Nothing is more embarrassing than a sudden stall on a freeway. When vehicles stopped due to flat tires, empty fuel tank, or engine problem, towing comes along to save the day. Take note that vehicles are not towed for stalling issues alone. Sometimes, it’s illegal parking as well. Or sometimes for transferring another vehicle from one place to another or maybe taking a vehicle along to a trip.
Some vehicles are towed to avoid an obstruction on the road which can be a source of huge traffic. So when your vehicle stops in the middle, it should be taken to the nearest gas station or repair shop immediately and there is no way you can do that without a tow. There’s a towing fee that you have to pay though. While in some states, the government towing company may also issue a Traffic Violation Receipt (TVR) which requires you to pay a standard fine in addition to the towing fee. Free towing is only provided to vehicles that are involved in a road accident.
It’s actually reasonable to pay the price because the whole towing process is not as easy as you think. Driving a vehicle with heavy, bulky loads that are hitched up on it’s back is more difficult than driving with a vehicle alone. Imagine the bumpy roads that may damage not only the towing vehicle but also the vehicle that is towed. Sometimes, it can also result in more serious situations like flipping or jackknifing. And for that, several important things should be considered when towing a vehicle.
Step 1. Check your towing capacity.
Before you start towing, it’s best if you know the towing capacity of your vehicle. Needless to say but the load should not be heavier than the tow truck itself. Towing too much weight can eventually cause major problems regardless of how strong your engine is.
To calculate the vehicle’s towing capacity, follow this formula:
Gross Combined Weight Rating or GCWR – (Cargo Weight + Base Curb Weight) =?
Learn what these variables mean.
Gross Combined Weight Rating (GCWR) is the allowable payload or the maximum amount of weight that a vehicle can carry.
Cargo weight, from the name itself, is the weight of passengers, vehicles, or any type of load including additional equipment such as car accessories.
Base Curb Weight is the actual weight of your vehicle including the oil, tank of gas, coolant, and transmission fluid.
When you get the answer, make sure that the combined weight of your truck plus trailer and cargo should never exceed the maximum tow capacity. Follow this step to avoid ending up with flat tires and other serious damages.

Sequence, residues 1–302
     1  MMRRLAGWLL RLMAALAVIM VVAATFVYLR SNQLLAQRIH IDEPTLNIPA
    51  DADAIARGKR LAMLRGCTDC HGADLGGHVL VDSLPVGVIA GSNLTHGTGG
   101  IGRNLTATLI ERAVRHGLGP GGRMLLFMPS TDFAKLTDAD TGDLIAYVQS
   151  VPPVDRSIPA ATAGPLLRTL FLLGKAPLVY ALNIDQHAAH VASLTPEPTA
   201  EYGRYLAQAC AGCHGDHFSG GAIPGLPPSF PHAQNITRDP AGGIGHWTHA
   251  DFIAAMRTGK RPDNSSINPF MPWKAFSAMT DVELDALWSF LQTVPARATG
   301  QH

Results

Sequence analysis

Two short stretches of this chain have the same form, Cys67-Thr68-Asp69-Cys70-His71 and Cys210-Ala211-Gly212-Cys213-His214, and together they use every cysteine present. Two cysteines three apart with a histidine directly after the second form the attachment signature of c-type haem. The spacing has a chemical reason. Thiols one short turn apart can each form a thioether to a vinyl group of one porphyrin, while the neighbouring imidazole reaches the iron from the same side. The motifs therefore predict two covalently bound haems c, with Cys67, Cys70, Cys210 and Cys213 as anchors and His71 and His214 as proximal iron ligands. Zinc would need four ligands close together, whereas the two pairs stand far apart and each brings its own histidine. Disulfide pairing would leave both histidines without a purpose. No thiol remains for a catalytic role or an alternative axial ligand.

Step 2. Inspect the entire vehicle.
Safety usually comes to those who leave prepared. So before you rescue the others, you have to save yourself first. Inspect the entire parts of the towing vehicle to make sure everything works fine. Brakes are so important, so make sure to synchronize your braking system. When brakes fail when towing a vehicle, the load would add up to a collision which makes it more dangerous. Avoid heavy braking to reduce risks of wear and tear.
Step 3. Secure the load.
There are two ways to tow a vehicle, first is by using a dolly and second is through a flatbed or the truck’s flat surface. A flatbed is used to secure the towed vehicle, especially if it’s severely damaged. You can use a dolly when towing lighter loads such as motorbikes. But for heavy vehicles, tow operators usually use a truck with a flatbed.
Follow these procedures to secure the vehicle properly:
- Use a hydraulic system to build up a ramp where you let the vehicle roll up.
- Hook up the vehicle to the winch tow. Regular vehicle models have two hook slots, specially designed for towing.
- Put the vehicle in neutral to move freely through the ramp.
- Once the vehicle is in place, turn the transmission into park. Also, set the automatic brakes in case of an emergency.
- Secure the vehicle’s position. Tie each wheel down for extra safety measure.
Step 4. Drive smoothly.
Once you secured the load, prepare yourself for a smooth driving. Always check mirrors, both side-view and extended. Extended mirrors enable the operator to see the side and rear views. Checking mirrors is important, especially when you’re protecting your load from interchangeable lanes and vehicles that try to take over. The key is to slow down, never ever drive too fast.